UPDATE: Mackenzie Investments has announced that it will no longer be investing in Asia Pulp and Paper’s (APP) pulp operations. Until APP stops destroying rainforests and critically endangered Sumatran tiger habitat, it will keep shedding customers and remain a pariah in the investor community.
Asia Pulp and Paper (APP), the pulp and paper giant behind the illegal timber scandal we exposed last month has lost one of its largest international investors. In March we released evidence from a year-long investigation showing how illegal ramin was regularly identified at APP’s main pulpmill in Indonesia, Indah Kiat Perawang. Eleven companies were named at the time as having links to APP and most, including Danone, Xerox and Mondi have acted to suspend any contractswith the APP.
This week Skagen funds, from Norway, confirmed it has sold of its shares in a publicly listed part of APP. The investor wrote that ‘Indah Kiat was no longer part of the SKAGEN Kon-Tiki-portfolio as at the end of March 2012. We sold our position based on a review of the holding in light of SKAGEN´s investment philosophy, ethical guidelines and our aim of providing our unit holders with the best possible risk adjusted return.’
We have been informed that the Norwegian Pension fund, another Indah Kiat investor, has also sold its holdings.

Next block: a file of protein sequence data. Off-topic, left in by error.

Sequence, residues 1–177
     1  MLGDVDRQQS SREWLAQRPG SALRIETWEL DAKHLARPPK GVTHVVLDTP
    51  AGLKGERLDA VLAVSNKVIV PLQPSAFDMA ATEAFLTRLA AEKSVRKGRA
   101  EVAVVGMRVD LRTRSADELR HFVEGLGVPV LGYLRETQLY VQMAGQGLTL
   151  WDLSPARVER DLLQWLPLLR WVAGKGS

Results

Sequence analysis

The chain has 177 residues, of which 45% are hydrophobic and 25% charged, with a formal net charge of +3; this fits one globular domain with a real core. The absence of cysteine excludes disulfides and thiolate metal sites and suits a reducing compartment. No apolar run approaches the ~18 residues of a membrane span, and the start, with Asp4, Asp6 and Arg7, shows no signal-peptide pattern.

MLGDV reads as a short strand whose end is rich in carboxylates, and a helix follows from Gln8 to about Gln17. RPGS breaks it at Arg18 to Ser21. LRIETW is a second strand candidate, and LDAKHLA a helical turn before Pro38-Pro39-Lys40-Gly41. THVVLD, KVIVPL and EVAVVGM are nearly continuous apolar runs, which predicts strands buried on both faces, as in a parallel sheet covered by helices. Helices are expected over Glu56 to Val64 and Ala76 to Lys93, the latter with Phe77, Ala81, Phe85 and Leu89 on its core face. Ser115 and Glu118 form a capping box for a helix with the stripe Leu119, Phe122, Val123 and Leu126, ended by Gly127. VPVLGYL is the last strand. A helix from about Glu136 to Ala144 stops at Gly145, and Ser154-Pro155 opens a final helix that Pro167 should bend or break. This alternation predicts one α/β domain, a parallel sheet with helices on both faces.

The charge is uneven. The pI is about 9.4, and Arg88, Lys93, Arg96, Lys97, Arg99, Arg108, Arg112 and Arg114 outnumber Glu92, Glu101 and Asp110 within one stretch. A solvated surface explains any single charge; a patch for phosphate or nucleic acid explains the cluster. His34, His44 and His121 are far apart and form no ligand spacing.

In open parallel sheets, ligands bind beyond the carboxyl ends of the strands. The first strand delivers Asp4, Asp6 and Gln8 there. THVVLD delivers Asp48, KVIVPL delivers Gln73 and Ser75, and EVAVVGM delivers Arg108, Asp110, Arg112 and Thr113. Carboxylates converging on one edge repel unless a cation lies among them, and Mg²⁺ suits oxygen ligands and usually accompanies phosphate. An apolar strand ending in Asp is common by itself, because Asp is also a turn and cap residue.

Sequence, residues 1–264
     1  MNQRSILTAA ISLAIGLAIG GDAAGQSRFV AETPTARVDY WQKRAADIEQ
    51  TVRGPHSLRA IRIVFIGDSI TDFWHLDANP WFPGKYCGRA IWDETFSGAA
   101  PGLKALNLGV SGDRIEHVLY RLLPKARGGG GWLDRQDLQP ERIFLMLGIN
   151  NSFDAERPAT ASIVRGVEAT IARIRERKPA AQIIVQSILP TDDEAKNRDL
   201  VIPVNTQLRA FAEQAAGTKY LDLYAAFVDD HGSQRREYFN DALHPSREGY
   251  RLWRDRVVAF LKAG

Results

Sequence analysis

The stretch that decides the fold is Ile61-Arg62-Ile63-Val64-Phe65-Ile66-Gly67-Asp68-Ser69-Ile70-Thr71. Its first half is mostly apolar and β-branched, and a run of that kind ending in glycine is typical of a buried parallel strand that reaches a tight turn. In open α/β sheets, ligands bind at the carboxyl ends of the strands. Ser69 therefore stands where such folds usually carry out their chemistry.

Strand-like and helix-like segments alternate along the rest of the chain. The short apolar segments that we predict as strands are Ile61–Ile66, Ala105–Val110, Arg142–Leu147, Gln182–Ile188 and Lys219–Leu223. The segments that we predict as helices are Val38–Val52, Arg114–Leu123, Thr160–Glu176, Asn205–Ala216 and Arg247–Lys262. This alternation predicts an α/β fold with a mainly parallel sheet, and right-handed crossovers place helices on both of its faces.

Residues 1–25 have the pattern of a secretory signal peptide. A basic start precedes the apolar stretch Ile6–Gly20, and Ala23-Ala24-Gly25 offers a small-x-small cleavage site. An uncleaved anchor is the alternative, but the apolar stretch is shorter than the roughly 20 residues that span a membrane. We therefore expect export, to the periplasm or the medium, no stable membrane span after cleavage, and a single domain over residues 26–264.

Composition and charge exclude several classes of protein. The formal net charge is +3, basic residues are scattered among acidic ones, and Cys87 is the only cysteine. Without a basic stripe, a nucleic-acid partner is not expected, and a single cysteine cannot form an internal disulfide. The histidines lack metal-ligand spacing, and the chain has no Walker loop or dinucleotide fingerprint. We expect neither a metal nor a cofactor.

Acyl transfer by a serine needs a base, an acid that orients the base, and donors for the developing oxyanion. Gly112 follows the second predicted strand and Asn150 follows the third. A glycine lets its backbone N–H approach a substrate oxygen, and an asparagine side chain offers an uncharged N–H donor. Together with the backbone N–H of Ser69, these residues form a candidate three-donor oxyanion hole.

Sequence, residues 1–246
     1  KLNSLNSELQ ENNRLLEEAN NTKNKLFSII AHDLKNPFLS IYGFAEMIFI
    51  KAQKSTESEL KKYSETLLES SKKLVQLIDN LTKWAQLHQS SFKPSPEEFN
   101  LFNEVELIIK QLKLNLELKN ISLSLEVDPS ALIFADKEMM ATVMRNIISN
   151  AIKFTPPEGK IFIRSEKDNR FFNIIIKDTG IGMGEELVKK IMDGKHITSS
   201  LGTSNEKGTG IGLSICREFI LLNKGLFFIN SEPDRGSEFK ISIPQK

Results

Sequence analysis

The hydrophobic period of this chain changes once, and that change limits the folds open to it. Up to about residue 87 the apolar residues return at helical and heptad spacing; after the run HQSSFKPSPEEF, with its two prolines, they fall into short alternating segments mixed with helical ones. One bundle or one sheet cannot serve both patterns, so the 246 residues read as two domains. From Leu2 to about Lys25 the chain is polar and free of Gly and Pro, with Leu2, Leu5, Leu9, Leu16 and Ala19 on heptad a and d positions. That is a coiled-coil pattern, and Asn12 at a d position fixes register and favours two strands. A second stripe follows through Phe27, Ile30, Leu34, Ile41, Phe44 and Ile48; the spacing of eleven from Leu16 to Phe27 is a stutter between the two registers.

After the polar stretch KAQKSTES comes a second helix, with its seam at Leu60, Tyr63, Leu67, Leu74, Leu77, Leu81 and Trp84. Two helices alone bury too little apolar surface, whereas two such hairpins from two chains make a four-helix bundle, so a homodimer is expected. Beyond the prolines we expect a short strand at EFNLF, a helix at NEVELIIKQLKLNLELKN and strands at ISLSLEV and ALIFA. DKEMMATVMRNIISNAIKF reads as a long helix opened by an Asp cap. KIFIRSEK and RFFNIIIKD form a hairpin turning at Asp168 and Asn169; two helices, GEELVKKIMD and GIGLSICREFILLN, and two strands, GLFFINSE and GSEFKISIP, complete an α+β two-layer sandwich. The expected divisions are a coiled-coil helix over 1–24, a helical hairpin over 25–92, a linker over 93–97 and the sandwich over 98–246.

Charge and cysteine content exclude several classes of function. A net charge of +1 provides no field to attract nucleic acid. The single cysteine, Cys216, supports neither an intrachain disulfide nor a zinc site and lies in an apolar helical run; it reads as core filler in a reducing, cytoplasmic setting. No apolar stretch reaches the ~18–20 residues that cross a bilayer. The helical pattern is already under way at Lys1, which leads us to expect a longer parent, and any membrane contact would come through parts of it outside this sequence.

This news will no doubt set off more alarm bells at APP. The company has been shedding customers over the last few months and it’s toxic reputation is once again spreading into the finance sector. It’s a sector where APP has a long and far from illustrious history. Earlier this year a well known American investor, Mark Mobius, declared in a newspaper article that APP was the worst investment he had ever made:
“WORST INVESTMENT: An Indonesian company called Asia Pulp and Paper. We probably lost about 25% of what we put in. The family who controlled the company basically took money out and put it into a Cook Island bank that had the same name as a legitimate bank.”
Named one of the top 10 money managers of the 20th Century in 1999 by the Carson Group, and one of the “Top 100 Most Powerful and Influential People” by Asiamoney Magazine in 2006, Mobius has over 38 years of experience in the investment sector and is currently Executive Chairman of Templeton Emerging Markets Group.
He isn’t alone in questioning the financial credentials of APP. The former head of HSBC equity research for Southeast Asia recently had this to say about APP/Sinar Mas forestry’s efforts to secure investments in their operations:
“I’ve been told the group has reformed with the founder now frail and his sons each taking over different parts of the business. Despite this, I would continue to stay clear given the group’s history and poor reputation.”
The history that McGaughey is referring to includes APP’s spectacular default on $US14 billion debt in the early 2000s, leaving a trail of scarred investors in its wake. APP’s restructured debts in 2009 amounted to at least $US4.2 billion. Detailed studies have concluded that APP’s ultimate owners in fact profit from this cycle of debt entrenchment and financial expropriation.
With Skagen Funds having withdrawn from Indah Kiat the next largest overseas investor is Mackenzie Financial Investments, from Canada. Greenpeace Canada is campaigning to get Mackenzie to follow Skagen’s lead through disinvesting until APP reforms its practices.
Help Greenpeace convince Mackenzie to live up to its commitment to good corporate citizenship and immediately cease investing in APP’s rainforest destruction and links to illegal logging.